As our own Viknesh Vijayenthiran mentioned on Friday, Hyundai has announced that it will launch a mass-market electric vehicle in the second half of 2010. The vehicle will be a modified version of the existing Hyundai i10 minicar and will appear first in the company's home country of South Korea. A prototype is expected to debut at the Frankfurt Motor Show next week.
The Hyundai i10 EV will be powered by a 16 kWh lithium-ion battery (courtesy of LG) feeding a 49 kWh/65 hp electric motor. The hatchback's range should clock in at a respectable 100 miles, and its top speed will be around 80 mph.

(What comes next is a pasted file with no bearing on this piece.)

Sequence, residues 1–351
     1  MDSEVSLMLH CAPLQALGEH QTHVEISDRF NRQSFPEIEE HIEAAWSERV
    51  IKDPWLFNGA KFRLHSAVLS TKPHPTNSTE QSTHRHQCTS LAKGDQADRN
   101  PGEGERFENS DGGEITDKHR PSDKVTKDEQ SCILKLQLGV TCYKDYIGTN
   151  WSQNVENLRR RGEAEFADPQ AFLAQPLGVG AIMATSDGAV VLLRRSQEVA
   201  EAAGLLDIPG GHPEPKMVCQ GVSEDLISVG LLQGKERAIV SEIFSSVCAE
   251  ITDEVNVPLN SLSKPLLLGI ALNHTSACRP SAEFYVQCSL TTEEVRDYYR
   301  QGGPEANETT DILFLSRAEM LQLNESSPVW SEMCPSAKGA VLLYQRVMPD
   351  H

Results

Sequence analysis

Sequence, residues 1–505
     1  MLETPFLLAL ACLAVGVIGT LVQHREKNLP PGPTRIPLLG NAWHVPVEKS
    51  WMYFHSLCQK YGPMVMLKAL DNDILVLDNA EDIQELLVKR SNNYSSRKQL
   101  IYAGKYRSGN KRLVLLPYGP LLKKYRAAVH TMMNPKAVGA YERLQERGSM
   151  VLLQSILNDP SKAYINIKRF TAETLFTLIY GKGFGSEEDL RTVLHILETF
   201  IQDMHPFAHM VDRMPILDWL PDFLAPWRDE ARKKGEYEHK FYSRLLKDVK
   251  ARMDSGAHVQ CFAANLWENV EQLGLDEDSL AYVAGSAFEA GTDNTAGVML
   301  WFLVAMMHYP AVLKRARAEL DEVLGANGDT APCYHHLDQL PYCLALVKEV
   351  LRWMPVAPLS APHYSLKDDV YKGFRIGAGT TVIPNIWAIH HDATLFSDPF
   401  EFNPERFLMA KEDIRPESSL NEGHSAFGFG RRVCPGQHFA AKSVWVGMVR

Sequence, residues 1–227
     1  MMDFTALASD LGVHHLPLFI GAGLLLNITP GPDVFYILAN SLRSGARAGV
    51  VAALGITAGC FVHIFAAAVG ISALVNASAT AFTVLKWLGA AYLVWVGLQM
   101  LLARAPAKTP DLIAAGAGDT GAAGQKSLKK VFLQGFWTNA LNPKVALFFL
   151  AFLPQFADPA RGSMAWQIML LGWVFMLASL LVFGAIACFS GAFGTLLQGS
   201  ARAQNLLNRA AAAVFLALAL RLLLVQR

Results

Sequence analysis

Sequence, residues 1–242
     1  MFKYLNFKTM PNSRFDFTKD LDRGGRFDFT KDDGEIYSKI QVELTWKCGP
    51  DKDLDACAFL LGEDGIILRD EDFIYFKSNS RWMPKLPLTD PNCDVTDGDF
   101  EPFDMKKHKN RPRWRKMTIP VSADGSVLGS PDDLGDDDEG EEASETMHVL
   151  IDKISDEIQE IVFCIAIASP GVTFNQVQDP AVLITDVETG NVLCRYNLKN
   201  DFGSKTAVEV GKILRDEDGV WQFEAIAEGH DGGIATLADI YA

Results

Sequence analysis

Perhaps the most interesting fact about the Hyundai i10 EV is its ability to handle two charging cycles: the standard 220 V found in many households around the globe, and a significantly stronger, more industrial 415 V current. Not surprisingly, the 415 V offers a much faster re-charge: on the 220 V plug, a full charge of the battery will take about five hours, but on the 415 V, the battery can hit 85% of capacity in 15 minutes. That's pretty exciting -- though until the 415 V infrastructure improves, it does nothing to alleviate consumers' range anxiety.